CNC capabilities, simulations advance, with up to 30% time savings
Advanced controls and related software for computer numerical controls (CNC), used in planning and design through commissioning, can result in considerable time savings. One pilot project reduced three weeks work to three days.
Digitalization is providing benefits to machine tool manufacturing and connected systems, according to Siemens executives speaking about the company’s computer numerical control (CNC), motion control, design, simulation, and integration capabilities, in advance of the CNC machine tool conference, EMO Milan 2015, Oct. 5-10.
During an online press conference on Sept. 15:
- Bernd Heuchemer, vice president, motion control, marketing and communications, Siemens AG, Erlangen, Germany, discussed new innovations for the machine tool market.
- Sascha Fischer, machine tool business manager, Siemens Industry Inc., Elk Grove Village, Ill., examined the time savings from integrated engineering.
- Chris Pollack, Siemens Industry Inc., provided a virtual demonstration of CNC and machine tool simulation capabilities.
- John Meyer, manager, marketing communications, motion control business, at Siemens Industry Inc., also in Elk Grove Village, moderated discussions.
Shorter time to market
Heuchemer said that the Siemens Motion Control group, which includes general motion control and machine tool systems, is working to shorten time to market, increase flexibility, and boost efficiency for machine tool original equipment manufacturers (OEMs). Siemens Digital Enterprise software suite increased integration capabilities following Industrie 4.0 requirements, with product lifecycle management (PLM) systems, manufacturing operations management (MOM) software, and Siemens TIA, Simatic, and Sinumarik products, among others.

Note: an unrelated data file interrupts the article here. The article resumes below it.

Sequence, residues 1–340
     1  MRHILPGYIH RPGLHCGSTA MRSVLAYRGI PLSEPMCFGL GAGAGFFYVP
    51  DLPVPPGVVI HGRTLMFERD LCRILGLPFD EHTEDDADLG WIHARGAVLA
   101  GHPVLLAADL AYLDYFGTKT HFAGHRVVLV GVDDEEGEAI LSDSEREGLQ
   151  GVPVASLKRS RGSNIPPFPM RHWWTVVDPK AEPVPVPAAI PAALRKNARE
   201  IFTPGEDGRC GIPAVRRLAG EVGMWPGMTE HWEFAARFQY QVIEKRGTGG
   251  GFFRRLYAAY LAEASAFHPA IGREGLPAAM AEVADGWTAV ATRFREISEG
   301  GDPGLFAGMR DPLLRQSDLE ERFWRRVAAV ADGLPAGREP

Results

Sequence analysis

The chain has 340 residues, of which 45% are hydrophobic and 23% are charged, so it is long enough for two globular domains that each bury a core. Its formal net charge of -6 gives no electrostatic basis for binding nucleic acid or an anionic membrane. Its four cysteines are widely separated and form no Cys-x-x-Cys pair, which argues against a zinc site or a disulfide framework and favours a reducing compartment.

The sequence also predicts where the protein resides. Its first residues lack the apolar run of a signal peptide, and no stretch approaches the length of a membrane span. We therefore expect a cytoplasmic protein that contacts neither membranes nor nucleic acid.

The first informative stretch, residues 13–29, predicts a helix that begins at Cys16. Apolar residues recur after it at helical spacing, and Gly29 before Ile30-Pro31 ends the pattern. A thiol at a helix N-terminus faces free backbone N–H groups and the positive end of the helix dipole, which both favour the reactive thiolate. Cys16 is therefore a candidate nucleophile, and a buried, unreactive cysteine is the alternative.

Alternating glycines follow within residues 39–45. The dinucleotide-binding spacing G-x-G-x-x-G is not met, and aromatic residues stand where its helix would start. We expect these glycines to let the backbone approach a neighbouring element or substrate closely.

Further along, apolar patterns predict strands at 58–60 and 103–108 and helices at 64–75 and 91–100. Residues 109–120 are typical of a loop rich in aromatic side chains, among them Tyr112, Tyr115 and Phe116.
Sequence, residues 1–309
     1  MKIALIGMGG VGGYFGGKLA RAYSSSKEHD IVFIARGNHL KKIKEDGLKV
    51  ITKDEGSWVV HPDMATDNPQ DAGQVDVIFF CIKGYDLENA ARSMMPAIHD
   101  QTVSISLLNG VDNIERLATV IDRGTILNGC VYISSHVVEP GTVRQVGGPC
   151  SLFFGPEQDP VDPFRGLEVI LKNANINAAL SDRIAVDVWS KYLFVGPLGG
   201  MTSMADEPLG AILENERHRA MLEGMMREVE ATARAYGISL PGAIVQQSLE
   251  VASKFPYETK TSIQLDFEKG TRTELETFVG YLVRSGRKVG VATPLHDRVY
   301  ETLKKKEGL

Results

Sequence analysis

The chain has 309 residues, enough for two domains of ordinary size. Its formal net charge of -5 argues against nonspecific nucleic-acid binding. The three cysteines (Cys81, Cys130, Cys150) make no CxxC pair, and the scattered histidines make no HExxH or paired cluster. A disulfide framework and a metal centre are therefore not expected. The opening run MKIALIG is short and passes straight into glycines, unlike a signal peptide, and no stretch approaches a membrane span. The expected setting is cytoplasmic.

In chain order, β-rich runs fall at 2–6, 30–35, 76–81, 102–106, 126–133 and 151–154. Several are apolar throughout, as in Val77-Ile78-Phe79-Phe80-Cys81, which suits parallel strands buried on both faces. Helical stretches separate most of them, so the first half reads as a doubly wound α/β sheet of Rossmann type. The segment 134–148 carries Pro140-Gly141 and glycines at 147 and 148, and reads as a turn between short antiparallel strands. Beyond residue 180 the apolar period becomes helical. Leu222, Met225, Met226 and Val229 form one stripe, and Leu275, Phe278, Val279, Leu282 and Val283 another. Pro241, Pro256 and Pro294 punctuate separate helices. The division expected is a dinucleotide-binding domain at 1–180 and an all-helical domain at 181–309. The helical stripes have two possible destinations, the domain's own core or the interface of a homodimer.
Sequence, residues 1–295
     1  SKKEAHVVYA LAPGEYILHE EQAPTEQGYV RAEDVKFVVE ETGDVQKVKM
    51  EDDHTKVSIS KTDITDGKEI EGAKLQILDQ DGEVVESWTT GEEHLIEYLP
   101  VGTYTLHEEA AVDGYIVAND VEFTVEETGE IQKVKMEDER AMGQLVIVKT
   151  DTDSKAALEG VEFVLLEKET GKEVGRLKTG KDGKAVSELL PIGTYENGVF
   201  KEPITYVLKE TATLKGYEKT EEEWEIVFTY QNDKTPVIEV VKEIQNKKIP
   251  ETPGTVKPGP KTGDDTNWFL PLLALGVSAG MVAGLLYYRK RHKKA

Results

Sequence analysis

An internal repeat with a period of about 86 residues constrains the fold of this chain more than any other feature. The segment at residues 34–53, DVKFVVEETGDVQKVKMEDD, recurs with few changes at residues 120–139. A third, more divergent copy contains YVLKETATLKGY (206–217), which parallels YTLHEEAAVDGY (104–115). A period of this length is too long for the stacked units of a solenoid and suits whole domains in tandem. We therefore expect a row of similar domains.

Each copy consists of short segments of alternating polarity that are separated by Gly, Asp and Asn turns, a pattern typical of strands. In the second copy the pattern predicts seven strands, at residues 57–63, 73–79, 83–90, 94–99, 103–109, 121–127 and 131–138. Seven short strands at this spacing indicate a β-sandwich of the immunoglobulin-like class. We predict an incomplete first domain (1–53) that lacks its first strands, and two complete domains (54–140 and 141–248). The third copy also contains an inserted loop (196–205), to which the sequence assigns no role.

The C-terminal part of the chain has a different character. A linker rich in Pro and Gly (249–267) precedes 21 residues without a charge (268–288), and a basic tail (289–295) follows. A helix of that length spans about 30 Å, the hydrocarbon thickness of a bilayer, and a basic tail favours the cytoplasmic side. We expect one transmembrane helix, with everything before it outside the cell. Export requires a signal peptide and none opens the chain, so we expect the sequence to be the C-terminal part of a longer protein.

CNC software is being used for additive manufacturing and in hybrid machines that combine additive manufacturing with subtractive manufacturing (cutting, shaping, and smoothing) machine tools.
Heuchemer described a seamless process chain with computer-aided design, computer-aided manufacturing (CAD/CAM), and CNC software with virtual machine simulation that accepts information from design software and allows full testing in emulation software prior to running on an actual machine tool.
Software readily connect and interoperates with next-to-machine robotics, automated material handling, and intelligent logistics, along with horizontal and vertical integration to manufacturing execution system and IT-level software.
Fischer, head of machine tools systems for Siemens Industry Inc., compared life before and after integrated engineering.
Before: Going from planning and design through commissioning was very time consuming, with a of lot paper across many departments. CNC often was the last stage in sequential design; correcting errors that originated in the planning stages are expensive, often causing delay in machine delivery.
After: Integrated, concurrent engineering reduces time, as quality issues are resolved early.
The result, Fischer said, is up to 30% time savings. Testing, under real connections in simulation, avoids delays and damage. A digital map significantly reduces time to market for OEMs and end customers. He said the first pilot project reduced what previously had taken three weeks to just three days.